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Tennessee Titans' Jake Locker The Best Decision Maker In 2012

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According to ESPN Magazine and KC Joyner, Locker led all quarterbacks in his decision making ability in 2012.

Locker making good decisions.
Locker making good decisions.
Frederick Breedon

Here's the direct quote from KC Joyner, the resident Football Scientist at ESPN Magazine.

Locker had the NFL's best BDR (bad decision rate) in 2012 (0.6%). That is not a misprint; he made only two miscues on 314 attempts. Don't expect a huge regression: The Titans face the easiest collection of pass D's, according to my metrics.

I couldn't find an online version of the story, nor could I find a list of the quarterbacks to see how they all ranked out, but here's a couple for you to compare to Jake Locker's 0.6% The scale is as follows:

Elite < 1.5%, Good =2%, Average=2.5%, Bad=3%, Terrible> 3.5%

  • Matt Schaub 1.8%
  • Andrew Luck 3.0%
  • Blaine Gabbert 1.7%
  • Tom Brady 0.9%
  • Mark Sanchez 3.1%
  • Joe Flacco 3.0%
  • Peyton Manning 1.6%
  • Robert Griffin III 1.2%
  • Colin Kaepernick 2.2%
  • Russell Wilson 1.2%

I'm not exactly sure what Joyner's criteria for the statistics is, but I believe it just has to do with bad decision making on throws. Simply whether or not the QB should have attempted that particular pass or not. I do not believe it has anything to do with the outcome of the throw, or other areas of the quarterbacks responsibilities (recognizing blitzes, identifying coverages, adjusting protection, etc.) I have no proof of these assumptions however, as I cannot find an explanation anywhere in the magazine or online.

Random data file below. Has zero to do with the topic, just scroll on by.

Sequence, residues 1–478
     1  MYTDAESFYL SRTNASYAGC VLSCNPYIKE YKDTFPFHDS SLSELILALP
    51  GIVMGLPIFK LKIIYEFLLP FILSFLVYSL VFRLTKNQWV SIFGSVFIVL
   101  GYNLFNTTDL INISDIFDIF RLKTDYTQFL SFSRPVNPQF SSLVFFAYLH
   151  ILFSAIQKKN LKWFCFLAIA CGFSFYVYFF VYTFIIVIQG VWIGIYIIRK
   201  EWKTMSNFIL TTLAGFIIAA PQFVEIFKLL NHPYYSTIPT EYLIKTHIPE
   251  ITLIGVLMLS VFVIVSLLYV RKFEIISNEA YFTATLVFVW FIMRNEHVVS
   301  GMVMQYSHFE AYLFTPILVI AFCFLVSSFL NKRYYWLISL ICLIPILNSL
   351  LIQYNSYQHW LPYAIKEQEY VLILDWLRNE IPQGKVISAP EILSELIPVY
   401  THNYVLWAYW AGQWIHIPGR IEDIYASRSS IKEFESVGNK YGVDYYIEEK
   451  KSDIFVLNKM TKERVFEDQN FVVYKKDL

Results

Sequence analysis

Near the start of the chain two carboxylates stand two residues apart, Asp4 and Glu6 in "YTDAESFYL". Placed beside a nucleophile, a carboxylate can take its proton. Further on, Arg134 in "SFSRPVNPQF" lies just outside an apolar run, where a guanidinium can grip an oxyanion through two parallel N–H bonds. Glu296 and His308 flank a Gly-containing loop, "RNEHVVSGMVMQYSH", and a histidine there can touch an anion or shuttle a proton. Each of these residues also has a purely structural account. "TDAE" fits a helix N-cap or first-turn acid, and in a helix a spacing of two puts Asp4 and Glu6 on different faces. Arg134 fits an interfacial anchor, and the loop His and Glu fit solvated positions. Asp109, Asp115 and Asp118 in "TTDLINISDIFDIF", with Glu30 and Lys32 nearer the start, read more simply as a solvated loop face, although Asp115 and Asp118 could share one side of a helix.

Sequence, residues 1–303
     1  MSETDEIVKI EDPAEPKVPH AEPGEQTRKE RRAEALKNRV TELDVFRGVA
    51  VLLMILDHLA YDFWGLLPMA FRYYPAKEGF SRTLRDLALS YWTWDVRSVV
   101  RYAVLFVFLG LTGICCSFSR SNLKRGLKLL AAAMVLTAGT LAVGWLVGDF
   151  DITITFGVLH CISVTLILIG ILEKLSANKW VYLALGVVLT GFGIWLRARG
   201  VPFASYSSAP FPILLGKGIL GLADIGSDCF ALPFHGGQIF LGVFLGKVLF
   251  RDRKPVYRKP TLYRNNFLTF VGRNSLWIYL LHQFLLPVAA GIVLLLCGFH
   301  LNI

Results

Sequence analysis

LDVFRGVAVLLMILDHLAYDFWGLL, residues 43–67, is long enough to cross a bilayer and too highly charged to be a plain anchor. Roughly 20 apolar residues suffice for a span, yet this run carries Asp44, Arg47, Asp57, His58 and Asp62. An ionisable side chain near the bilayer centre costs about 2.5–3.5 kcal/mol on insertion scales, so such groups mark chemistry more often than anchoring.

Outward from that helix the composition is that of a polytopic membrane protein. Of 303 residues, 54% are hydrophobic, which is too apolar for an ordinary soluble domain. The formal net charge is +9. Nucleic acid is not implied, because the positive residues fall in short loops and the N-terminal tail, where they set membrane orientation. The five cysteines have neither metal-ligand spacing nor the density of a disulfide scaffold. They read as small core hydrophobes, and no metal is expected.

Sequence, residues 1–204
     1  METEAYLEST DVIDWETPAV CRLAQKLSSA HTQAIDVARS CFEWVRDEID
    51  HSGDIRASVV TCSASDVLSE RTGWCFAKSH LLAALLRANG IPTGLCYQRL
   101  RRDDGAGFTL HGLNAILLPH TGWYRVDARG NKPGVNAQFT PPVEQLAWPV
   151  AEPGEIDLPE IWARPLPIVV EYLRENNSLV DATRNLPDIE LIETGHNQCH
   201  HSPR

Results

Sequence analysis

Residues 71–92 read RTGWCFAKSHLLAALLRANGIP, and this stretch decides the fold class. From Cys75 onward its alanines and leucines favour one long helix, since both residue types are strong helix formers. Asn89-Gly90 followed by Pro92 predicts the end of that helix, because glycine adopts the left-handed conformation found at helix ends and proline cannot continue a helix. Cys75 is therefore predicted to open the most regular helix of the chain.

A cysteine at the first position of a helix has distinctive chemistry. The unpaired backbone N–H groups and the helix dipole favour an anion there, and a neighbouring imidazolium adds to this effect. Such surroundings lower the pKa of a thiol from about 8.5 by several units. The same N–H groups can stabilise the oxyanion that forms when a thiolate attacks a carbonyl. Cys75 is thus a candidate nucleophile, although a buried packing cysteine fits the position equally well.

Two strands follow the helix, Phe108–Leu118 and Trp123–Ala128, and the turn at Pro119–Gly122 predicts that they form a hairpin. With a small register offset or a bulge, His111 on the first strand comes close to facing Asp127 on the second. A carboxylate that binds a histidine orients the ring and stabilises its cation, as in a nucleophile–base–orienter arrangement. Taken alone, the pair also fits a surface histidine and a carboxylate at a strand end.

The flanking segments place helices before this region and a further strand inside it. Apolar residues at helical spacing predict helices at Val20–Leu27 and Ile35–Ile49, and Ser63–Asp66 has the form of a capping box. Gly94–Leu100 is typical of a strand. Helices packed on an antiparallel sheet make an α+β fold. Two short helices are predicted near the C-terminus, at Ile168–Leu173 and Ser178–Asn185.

Either way, it's a very interesting stat to take note of. This preseason, fans have seen Locker playing with decisiveness and accuracy both, as well as the offense moving the ball better than it has in some time. You can tell an increased comfort level with Locker and the receivers with the new play calling and diminished option routes.

Locker's ability to make good decisions in college caused many throw aways when a play was not there as opposed to forcing the issue. This of course did not help his completion percentage or the perception of his accuracy issues. After a turbulent 11 starts last year while playing injured and behind third string offensive linemen, Locker has been accredited with many defects. He may have his faults, but decision making isn't one of them.